Ancient cycad, the king of Kew's Palm House, gets a new home
Press release, 29 July 2009
The oldest pot plant in the Royal Botanic Gardens, Kew – believed to be one of the oldest pot plant in the world – is re-potted in Kew’s 250th year.
King of the Palm House, the huge Jurassic cycad, Encephalartos altensteinii (i), was collected by Kew’s first plant hunter Francis Masson, from the Eastern Cape region of South Africa in the early 1770s. Masson was commissioned by Sir Joseph Banks to step aboard the Resolution and join Captain Cook’s second voyage around the globe. This ancient plant, commonly known as the ‘Eastern Cape giant cycad’ arrived back at Kew Gardens in 1775, and has thrived in Kew’s majestic Palm House since it was built in 1848. This cycad was one of the first living collections to arrive at Kew, kick starting a legacy which makes the Gardens what they are today – a living collection of over 30,000 species of plants.
Growing at an average rate only 2.5cm a year, the old knobbly trunk has slowly grown to its current length, reaching out 4 metres 40 centimetres. Due to its weight, unlike species in the wild this unique specimen stretches out sideways. It is supported by metal stilts, to ensure this fragile and historic plant is conserved and continues to grow. Now brimming from its pot, and in need of fresh compost, this is the first time Kew’s expert gardeners have re-potted this Kew icon, re-housing it into a brand new pot, a bespoke mahogany hardwood box hand crafted on site.
Three months in the planning, the team have been working hard to ensure that everything is ready. Weighing a staggering tonne, a huge 4 metre high lifting gantry has been bought in, and the staff specially trained, to lift and support this large bulk of the cycad. While the root ball is lifted, it was all hands on deck as a team of 5 Kew gardeners were on hand to support its outstretched trunk with stilts. The team worked quickly to pull out the old pot and quickly construct the new one around the lifted root ball. All the plants surrounding the cycad have been moved away, to allow for enough space to carry out this technical procedure.
The last operation of this level and complexity was in 1984 when the cycad was top dressed with earth and compost and removed from the Palm House for 4 years while the building was restored.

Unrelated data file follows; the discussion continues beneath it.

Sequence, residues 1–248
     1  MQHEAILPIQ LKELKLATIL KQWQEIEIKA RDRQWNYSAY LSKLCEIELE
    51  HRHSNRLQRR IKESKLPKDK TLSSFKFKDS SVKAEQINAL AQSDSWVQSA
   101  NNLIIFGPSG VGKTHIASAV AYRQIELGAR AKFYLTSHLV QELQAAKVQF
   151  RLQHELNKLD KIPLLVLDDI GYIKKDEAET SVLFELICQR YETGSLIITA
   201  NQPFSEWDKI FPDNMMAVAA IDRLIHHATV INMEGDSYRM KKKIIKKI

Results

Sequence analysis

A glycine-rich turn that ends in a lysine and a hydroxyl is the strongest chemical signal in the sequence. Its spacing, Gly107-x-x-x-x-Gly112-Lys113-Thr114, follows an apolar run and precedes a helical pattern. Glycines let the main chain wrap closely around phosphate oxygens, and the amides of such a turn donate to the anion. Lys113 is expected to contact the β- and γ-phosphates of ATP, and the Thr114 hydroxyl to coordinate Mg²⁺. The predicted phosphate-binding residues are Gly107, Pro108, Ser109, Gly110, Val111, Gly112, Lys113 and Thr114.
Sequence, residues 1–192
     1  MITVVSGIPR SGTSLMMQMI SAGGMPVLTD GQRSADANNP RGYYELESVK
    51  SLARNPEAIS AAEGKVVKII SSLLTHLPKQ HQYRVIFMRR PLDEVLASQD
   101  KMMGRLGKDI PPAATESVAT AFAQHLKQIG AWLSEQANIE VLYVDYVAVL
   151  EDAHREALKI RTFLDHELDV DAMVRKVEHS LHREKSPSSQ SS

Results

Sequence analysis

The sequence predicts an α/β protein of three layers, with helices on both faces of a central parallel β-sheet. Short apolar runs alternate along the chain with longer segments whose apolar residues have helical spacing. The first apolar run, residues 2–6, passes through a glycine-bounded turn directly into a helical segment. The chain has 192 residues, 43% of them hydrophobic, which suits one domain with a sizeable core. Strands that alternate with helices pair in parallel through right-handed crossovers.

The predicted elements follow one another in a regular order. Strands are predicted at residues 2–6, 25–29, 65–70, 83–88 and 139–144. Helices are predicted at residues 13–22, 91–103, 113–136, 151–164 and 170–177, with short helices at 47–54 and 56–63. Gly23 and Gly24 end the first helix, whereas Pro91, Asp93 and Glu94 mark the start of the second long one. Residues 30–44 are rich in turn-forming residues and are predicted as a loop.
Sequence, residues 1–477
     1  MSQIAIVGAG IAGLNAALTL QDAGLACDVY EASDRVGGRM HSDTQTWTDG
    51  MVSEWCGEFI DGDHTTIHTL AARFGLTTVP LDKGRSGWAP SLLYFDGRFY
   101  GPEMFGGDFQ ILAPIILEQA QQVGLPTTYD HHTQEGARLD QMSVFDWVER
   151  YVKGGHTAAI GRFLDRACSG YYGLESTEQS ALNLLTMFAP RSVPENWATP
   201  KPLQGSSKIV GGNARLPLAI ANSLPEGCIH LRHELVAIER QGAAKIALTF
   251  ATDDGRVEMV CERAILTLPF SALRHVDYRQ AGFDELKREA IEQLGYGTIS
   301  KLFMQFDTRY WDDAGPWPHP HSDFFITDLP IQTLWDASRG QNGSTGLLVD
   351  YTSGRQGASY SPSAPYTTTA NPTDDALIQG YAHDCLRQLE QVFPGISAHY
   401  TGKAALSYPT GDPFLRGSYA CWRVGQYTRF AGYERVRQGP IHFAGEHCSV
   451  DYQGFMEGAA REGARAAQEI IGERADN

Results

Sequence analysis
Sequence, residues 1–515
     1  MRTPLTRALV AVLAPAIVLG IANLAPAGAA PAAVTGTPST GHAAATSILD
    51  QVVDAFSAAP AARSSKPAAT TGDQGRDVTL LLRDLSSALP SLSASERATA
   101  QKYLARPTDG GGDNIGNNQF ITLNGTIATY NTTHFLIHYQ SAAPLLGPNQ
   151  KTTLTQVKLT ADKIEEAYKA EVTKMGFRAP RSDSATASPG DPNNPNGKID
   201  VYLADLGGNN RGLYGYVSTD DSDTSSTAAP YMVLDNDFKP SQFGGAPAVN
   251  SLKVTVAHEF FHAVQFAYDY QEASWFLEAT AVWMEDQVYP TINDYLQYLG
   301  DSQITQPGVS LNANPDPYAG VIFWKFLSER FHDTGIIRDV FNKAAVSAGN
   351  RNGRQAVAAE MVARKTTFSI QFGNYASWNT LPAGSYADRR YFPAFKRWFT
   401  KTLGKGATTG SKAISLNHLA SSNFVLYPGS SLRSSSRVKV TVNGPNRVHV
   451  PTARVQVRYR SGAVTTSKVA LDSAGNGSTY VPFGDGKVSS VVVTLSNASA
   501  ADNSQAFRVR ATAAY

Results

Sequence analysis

Wes Shaw, Keeper of the Palm House, says "cycads are fascinating prehistoric plants, and this one is one of the most unique plants in Kew Gardens. It’s the don of the Palm House, and has been slowly growing year by year since the Gardens began.
"Although it was hot and humid work, the repotting of the Encephalartos altensteinii went very well. The months of planning paid off as the team got the job done quickly and efficiently and most importantly without damaging this precious plant.
"When I think of how many gardeners have cared for this plant over the years, it gives me a real sense of the heritage and importance of the living collection that we are all responsible for here at Kew - and the incentive to ensure it keeps on thriving through my time in the Palm House. This year is Kew's 250th anniversary and it is quite fitting that we re-housed one of oldest residents in our anniversary year."
Pre-dating flowering plants, the cycad family is a botanical throw back to the dinosaur era, producing large cones(ii) rather than flowers. They are a very primitive type of plant which can live to 500 years or longer, and therefore provide clues to botanists as to what early plant life was like. Kew has one of the oldest and most diverse cycad collections in the world, including the now extinct Encephalartos woodii, which is located in Temperate House.
- For more information please contact the RBG Kew Press Office on 020 8332 5607 or email email@example.com
- Images are available to download at http://www.kew.org/press/images/cycad1.html. Please contact the Press Office for username and password.
Notes to Editors
The name Encephalartos is derived from the Greek, and means ‘bread in the head’. This refers to the Hottentots’ practice of removing the pith from the cycad's stem and burying it in the ground for 2 months before kneading it into bread and baking it in embers. During the 2-month burial, toxins within the pith are destroyed.
At its reproductive maturity cycads produce a large yellowish green cone. This has only happened once and on that occasion in 1819, Sir Joseph Banks came to view the plant on what proved to be his last visit to Kew.
Kew Gardens visitor info
Admission: Adults £13, Concessions £11, FREE for children under 17 (accompanied by an adult). Admission to Kew Gardens includes free entry to all Glasshouses, Galleries and the Rhizotron and Xstrata Treetop Walkway
Opening Hours: Now until 1 September 2009
- Monday - Friday : 9.30am – 6.30pm.Glasshouses, Galleries and the Treetop Walkway close at 5.30pm
- Weekends: 9.30am – 7.30pm. Glasshouses and Galleries close at 5.30. Treetop Walkway closes at 6.30pm
Visitor Information line: 020 8332 5655 or firstname.lastname@example.org
Encephalartos altensteinii - A brief history
- The plant was brought to Kew in 1775, by one Kew’s first plant collectors Francis Masson (for more information see http://www.kew.org/heritage/people/masson.html), most probably as a seed from the Eastern Cape province of South Africa.
- The Cycad has grown in the Palm House ever since it was built, only been removed for four years in the 1980’s of the restoration of the Palm House.